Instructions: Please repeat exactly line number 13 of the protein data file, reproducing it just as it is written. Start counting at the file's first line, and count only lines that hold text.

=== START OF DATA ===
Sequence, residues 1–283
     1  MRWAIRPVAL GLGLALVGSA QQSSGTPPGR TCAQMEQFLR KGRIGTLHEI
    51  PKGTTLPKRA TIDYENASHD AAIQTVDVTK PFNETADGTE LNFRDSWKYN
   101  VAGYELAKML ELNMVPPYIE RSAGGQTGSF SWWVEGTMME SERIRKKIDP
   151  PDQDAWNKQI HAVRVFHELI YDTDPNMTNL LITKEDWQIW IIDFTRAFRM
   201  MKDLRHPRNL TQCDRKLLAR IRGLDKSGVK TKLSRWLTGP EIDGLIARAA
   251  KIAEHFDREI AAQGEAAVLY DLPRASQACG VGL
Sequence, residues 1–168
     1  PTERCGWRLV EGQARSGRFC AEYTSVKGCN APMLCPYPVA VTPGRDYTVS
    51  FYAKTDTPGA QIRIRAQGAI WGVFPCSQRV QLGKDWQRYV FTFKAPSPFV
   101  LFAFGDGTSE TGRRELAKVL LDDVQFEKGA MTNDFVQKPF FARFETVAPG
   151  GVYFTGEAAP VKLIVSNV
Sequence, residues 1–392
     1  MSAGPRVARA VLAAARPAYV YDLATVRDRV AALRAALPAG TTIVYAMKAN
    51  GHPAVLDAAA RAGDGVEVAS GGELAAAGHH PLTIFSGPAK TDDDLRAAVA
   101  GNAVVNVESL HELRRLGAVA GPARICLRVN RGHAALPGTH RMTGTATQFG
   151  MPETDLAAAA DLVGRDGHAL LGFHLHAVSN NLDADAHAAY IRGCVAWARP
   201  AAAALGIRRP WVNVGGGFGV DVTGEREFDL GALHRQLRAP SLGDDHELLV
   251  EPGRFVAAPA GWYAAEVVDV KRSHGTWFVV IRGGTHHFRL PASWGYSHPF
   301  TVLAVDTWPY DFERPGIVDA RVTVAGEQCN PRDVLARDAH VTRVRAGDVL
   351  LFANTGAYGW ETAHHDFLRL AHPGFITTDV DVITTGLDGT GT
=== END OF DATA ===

Sequence, residues 1–392